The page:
There is no question that in the history of Growing City research Kowalski-Segner received the role of jettatore (troublemaker), an announcement that undoubtedly requires some explanation. We can encounter jettatore all over the world, yet the belief system enveloping them is most strongly found in countries with a Latin culture. As a rule they are male, but this cannot be taken as a firm rule. Allegedly in some countries jettatrice are quite common. They can certainly be considered the most bizarre of all humanoid animals. Should we recognise them with all certainty, we should be careful even about saying their name aloud, but a quick protective spell does no harm either (immediately touching a metal surface, etc.). The best protection against accidents caused by the jettatore is a rabbit's foot kept permanently in one's pocket and stroked lengthwise at the critical moment. Giancarlo da Bologna believes it is sufficient to keep a few fish scales in one's waistcoat pocket. Many swear that the most reliable form of "great protection" is to hang red coral sprigs from one's coat lapels. Jettatore are relatively easy to identify, for in their company peaceful garden cafes turn into battlefields when with wide gestures they knock the ten coffees, cups, sugar and so forth out of the hands of the arriving waiter, to splash all over one's summer clothes. Should they arrive as unsuspicious guests, the lady of the house will trip over the threshold and spill the steaming soup onto the floor. Later some of the cutlery will go unaccountably missing. As a result, sharp dropped comments will become widespread, and fatal family feuds ensue. As is well-known, the jettatore arrived flower in hand and departed with a kiss to the hand. It is, therefore, a bringer of ill-luck, at whom all tremble. As a rule it is unaware of its own magical potency. You will recognise the jettatore if one travels opposite you, because you will be informed of a train strike at the next station, or the train will derail, or both.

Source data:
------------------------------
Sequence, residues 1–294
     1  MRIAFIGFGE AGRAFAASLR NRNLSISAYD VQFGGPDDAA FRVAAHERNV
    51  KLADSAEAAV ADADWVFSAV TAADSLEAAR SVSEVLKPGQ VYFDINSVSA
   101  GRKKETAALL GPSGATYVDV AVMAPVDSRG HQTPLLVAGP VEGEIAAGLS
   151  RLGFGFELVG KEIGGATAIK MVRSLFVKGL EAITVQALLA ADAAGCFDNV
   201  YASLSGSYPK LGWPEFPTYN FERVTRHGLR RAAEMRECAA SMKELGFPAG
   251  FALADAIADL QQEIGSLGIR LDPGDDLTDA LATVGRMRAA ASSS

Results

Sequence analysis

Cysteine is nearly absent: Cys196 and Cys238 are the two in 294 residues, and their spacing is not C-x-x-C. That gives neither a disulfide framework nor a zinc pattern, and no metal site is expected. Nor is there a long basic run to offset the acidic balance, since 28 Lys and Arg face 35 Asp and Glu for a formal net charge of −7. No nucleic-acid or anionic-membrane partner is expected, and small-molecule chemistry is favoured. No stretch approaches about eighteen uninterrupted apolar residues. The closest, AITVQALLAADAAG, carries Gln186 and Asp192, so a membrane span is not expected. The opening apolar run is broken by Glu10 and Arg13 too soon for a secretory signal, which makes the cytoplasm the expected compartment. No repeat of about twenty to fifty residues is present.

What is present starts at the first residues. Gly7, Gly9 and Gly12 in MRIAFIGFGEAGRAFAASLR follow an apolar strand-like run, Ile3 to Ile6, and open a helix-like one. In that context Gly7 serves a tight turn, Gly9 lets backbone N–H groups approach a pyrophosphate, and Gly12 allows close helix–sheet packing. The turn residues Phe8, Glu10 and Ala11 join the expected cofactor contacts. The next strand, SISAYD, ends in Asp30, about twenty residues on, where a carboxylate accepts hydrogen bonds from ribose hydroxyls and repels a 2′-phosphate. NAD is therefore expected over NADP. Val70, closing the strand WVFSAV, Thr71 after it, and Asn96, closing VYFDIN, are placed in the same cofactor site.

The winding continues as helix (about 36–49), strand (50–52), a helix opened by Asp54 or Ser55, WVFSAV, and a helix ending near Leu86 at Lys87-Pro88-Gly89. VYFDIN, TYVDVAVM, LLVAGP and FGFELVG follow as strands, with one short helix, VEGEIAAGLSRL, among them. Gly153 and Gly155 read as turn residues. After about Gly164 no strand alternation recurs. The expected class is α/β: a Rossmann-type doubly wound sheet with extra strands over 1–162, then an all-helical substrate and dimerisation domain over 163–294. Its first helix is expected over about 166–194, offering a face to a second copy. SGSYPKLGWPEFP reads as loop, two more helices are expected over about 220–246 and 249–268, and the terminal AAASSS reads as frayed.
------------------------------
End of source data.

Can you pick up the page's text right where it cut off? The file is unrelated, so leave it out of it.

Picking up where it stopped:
You should be especially on your guard against its arrival at times of unpleasant chores. For instance, the jettatore is bound to make an appearance when you have to stick up posters about your exhibition on a main road during a winter downpour. It will greet you with evident brashness, and when it slaps you on the back you will step backward ankle-deep into the melting slush. It will help you politely back onto the pavement as with its foot it sweeps all your favourite tools into the nearest drain opening. Then it expresses how sorry it is, assures you of its sympathy, and then waves, tottering across the road through the jumble of crashed, horn-sounding traffic of which it is the cause. Having recovered from the excitement you turn into a public house for a pint of ale, where the hitherto sleeping dog of the landlord inexplicably attacks you and bites your posterior. Better to suffer the coral twigs...

Toward an anthropological examination of the Growing City's latter-day population
Attached to Kowalski-Segner's name is the fallacious view according to which the characteristic types of the old inhabitants of the City could be deduced through the anthropological ratios of the region's later inhabitants. We now have certain reservations as regards this claim. One instrument used for the above examinations was the measuring instrument known as the Segner-type anthropological metricum.
Sketch plan of the "anthropological metricum" used by Kowalski-Segner